Does anyone know who makes those amulets and what their history is?  Their provenance is plainly demonic.  I was surprised to find out the purpose of these objects, that an Ashkenazi friend decorated his house and datacenter with.  For that matter I was surprised that Ashkenazim would bother with them, considering how frequently they have brightly colored eyes, and the distance between them and the regions of the Mediterranean, Levant and the former Ottoman Empire, and neighboring lands such as Persia, where this superstition is most commonly encountered.

I think we ought to consider praying for non-Christians to, in a manner that makes them aware of Christ, be delivered from the evil eye and other misfortunes their own religions cannot exorcise, despite valiant efforts (for example, the magical bowls used by Mandaeans to ward off demons, which feature certain Aramaic inscriptions, or the amulet-like use of a miniature Torah scroll or mezuzah on doorposts, et cetera, by Rabinnical Jews, something which the Karaites do not do (neither do the Karaites use phylacteries).  But the Karaites are still relatively out of luck in this department except to the extent that in praying for God to have mercy, they might receive it for reasons similar to those St. John Maximovitch gives with regards to Protestants.
 

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Alpha60 said:
There is a stupid belief in the Eastern Mediterranean region that people with bright eyes, especially blue eyes, are more likely to inadvertently curse something with the evil eye.  This is why those creepy eye amulets widely used by Jews as well as Muslims and superstitious Christians are blue, rather than, say, dark brown.

Does anyone know who makes those amulets and what their history is?  Their provenance is plainly demonic.  I was surprised to find out the purpose of these objects, that an Ashkenazi friend decorated his house and datacenter with.  For that matter I was surprised that Ashkenazim would bother with them, considering how frequently they have brightly colored eyes, and the distance between them and the regions of the Mediterranean, Levant and the former Ottoman Empire, and neighboring lands such as Persia, where this superstition is most commonly encountered.

I think we ought to consider praying for non-Christians to, in a manner that makes them aware of Christ, be delivered from the evil eye and other misfortunes their own religions cannot exorcise, despite valiant efforts (for example, the magical bowls used by Mandaeans to ward off demons, which feature certain Aramaic inscriptions, or the amulet-like use of a miniature Torah scroll or mezuzah on doorposts, et cetera, by Rabinnical Jews, something which the Karaites do not do (neither do the Karaites use phylacteries).  But the Karaites are still relatively out of luck in this department except to the extent that in praying for God to have mercy, they might receive it for reasons similar to those St. John Maximovitch gives with regards to Protestants.
Those evil eye ornaments (nazars) in your Jewish friend's house and data center might just be decorations. They're very popular tourist souvenirs in the eastern Mediterranean. My 'mother-in-law' gave us a small blue glass slab with white and blue iris glued on that she'd bought in the Greek part of Cyprus. It was an evil eye indeed: we hung it in front of the bedroom window, and after some months the iris dropped to the floor. But the blue glass backing is still hanging up.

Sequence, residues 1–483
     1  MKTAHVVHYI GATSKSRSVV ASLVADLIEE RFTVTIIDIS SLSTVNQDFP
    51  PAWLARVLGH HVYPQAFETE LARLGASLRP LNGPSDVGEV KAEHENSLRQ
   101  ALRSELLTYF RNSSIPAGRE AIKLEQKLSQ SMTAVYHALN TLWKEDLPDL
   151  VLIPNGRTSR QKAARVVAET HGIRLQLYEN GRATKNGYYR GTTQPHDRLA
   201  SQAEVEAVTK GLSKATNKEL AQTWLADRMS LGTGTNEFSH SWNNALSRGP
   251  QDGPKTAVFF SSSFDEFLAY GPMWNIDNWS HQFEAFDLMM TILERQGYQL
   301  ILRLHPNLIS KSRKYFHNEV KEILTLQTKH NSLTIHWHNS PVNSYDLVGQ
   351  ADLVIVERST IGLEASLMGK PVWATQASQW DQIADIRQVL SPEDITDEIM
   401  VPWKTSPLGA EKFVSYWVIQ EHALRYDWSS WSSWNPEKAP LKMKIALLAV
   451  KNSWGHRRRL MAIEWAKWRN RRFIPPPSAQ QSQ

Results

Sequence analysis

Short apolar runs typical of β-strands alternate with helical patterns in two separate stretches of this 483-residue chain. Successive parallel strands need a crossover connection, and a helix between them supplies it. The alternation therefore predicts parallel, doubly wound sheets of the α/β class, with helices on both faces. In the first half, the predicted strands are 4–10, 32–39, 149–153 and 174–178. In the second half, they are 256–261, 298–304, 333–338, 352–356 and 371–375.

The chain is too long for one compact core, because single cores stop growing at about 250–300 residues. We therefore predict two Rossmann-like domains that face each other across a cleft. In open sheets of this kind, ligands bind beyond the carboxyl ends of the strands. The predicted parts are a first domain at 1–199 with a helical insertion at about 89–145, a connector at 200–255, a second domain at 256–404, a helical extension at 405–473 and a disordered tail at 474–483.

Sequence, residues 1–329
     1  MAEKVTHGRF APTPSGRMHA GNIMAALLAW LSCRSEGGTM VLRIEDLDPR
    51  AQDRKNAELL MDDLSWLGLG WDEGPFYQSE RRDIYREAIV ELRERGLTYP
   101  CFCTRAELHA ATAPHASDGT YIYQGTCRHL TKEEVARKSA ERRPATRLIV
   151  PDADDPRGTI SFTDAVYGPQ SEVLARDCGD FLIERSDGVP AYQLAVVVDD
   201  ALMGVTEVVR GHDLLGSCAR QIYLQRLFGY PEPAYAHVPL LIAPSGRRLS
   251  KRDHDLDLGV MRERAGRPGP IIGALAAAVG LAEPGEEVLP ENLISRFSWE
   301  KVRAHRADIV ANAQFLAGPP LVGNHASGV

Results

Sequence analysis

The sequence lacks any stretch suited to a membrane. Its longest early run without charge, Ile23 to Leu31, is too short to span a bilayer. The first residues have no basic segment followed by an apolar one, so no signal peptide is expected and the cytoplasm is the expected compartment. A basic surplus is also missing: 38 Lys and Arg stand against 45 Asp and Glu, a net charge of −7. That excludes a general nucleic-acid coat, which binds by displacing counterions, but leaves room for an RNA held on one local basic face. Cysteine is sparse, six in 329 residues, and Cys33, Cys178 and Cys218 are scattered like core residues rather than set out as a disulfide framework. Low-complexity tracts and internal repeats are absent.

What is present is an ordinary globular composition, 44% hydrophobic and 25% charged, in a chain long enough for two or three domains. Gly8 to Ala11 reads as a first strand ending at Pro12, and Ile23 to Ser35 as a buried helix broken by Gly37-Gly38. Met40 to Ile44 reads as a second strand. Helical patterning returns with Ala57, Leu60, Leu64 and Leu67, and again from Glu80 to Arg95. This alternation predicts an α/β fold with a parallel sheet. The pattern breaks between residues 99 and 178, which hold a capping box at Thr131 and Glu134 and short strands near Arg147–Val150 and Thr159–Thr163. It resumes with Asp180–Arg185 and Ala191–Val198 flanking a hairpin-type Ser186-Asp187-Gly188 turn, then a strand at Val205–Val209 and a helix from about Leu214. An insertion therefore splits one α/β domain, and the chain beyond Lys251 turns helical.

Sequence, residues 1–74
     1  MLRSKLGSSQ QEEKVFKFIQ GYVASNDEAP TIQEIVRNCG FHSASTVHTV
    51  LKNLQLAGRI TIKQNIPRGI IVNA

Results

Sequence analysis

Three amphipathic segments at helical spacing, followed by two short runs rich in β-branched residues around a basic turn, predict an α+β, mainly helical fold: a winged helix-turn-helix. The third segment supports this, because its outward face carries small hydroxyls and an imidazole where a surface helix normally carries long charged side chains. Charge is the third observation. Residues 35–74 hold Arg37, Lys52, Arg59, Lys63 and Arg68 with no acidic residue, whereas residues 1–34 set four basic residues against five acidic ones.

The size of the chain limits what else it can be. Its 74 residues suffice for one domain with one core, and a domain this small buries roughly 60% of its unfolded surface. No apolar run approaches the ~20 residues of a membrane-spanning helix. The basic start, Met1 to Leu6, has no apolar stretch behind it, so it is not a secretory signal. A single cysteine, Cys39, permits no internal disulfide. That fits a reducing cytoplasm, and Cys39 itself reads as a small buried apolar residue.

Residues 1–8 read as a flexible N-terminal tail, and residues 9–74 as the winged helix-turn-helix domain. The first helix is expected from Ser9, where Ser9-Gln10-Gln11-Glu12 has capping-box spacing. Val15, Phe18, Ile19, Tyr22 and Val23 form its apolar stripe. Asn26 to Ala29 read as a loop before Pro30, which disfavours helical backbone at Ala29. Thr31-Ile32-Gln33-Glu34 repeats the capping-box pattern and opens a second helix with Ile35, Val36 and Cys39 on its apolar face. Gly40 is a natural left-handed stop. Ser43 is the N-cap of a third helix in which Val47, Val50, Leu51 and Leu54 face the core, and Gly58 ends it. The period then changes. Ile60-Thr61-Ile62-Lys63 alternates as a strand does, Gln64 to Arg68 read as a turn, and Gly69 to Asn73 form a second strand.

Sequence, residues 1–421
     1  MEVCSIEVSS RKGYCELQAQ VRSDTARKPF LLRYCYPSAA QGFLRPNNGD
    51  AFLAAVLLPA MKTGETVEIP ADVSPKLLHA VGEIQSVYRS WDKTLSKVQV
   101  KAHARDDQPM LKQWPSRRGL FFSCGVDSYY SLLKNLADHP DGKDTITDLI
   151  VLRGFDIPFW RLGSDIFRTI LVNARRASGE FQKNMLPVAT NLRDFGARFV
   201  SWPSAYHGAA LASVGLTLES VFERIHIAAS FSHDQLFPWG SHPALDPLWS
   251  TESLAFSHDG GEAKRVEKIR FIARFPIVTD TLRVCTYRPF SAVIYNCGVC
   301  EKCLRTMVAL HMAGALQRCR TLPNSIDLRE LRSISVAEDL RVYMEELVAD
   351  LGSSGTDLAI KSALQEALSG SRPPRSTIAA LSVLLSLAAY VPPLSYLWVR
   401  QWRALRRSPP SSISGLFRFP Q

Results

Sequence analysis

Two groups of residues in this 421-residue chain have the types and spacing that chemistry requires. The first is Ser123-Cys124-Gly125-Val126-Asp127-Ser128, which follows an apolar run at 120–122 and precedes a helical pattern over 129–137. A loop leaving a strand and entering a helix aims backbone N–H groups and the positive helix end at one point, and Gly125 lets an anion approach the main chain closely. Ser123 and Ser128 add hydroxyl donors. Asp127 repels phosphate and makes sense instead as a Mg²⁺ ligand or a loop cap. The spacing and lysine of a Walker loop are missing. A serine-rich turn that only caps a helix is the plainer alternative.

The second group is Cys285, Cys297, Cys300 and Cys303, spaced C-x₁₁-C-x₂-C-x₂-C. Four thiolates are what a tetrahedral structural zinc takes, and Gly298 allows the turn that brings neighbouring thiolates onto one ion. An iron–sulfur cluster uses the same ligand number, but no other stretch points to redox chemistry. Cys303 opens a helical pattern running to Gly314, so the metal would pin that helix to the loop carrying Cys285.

I think you may be being unfair to many Jews who have a mezuzah on their doorpost when you label them 'amulate-like'. (BYW the mezuzah doesn't contain a 'miniature Torah'--you'd need a huge doorpost for that--but just a few verses from Deuteronomy.) Seeing/touching one can call an observant Jew's mind to God and help him/her behave in a proper manner. I suppose outsiders who don't understand their function might criticize the icons we Orthodox Christians have in our homes as 'amulate-like' as well. But we understand their proper place in the religious life.
 

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Alpha60 said:
There is a stupid belief in the Eastern Mediterranean region that people with bright eyes, especially blue eyes, are more likely to inadvertently curse something with the evil eye.  This is why those creepy eye amulets widely used by Jews as well as Muslims and superstitious Christians are blue, rather than, say, dark brown.
The appearance of something unusual is taken as a sign of either fortune or misfortune - that's literally how superstition works. Light-coloured eyes are relatively rare among the Mediterranean people, hence, suspicious. Just like albinism is considered an omen of disaster among many African people. It's all about fear of the unfamiliar.

 

Alpha60

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Arachne said:
Alpha60 said:
There is a stupid belief in the Eastern Mediterranean region that people with bright eyes, especially blue eyes, are more likely to inadvertently curse something with the evil eye.  This is why those creepy eye amulets widely used by Jews as well as Muslims and superstitious Christians are blue, rather than, say, dark brown.
The appearance of something unusual is taken as a sign of either fortune or misfortune - that's literally how superstition works. Light-coloured eyes are relatively rare among the Mediterranean people, hence, suspicious. Just like albinism is considered an omen of disaster among many African people. It's all about fear of the unfamiliar.